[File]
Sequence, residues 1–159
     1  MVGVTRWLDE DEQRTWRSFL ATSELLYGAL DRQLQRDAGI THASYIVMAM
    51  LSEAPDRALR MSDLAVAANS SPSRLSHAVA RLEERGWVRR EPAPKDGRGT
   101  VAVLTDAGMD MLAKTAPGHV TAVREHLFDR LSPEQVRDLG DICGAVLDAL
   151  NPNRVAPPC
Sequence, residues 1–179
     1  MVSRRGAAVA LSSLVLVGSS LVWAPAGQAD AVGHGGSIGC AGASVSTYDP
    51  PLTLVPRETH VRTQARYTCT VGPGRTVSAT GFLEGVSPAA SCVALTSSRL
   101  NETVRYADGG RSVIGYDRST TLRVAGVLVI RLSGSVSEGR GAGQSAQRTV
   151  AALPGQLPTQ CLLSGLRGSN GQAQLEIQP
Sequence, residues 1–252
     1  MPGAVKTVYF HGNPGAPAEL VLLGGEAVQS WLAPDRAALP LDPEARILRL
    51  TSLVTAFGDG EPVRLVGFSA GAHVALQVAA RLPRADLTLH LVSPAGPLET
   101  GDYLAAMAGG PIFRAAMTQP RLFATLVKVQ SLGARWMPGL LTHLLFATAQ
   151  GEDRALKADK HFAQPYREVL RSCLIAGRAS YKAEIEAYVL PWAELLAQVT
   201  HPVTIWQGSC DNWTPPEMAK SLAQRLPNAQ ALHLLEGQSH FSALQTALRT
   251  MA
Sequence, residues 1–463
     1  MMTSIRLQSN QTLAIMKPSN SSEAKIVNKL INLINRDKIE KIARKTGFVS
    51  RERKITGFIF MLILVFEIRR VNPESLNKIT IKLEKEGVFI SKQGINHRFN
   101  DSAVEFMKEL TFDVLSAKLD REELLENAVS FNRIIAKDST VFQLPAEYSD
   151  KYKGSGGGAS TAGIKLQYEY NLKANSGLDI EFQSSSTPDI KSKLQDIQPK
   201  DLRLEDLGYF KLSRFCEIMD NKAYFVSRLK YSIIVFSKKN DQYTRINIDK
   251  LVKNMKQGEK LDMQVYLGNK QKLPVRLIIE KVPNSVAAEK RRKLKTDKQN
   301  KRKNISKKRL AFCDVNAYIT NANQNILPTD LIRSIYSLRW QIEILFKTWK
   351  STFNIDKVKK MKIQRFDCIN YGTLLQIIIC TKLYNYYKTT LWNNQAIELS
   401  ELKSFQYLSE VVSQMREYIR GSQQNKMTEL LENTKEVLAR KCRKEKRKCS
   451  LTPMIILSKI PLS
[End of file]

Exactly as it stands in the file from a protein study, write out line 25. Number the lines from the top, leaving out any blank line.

   301  KRKNISKKRL AFCDVNAYIT NANQNILPTD LIRSIYSLRW QIEILFKTWK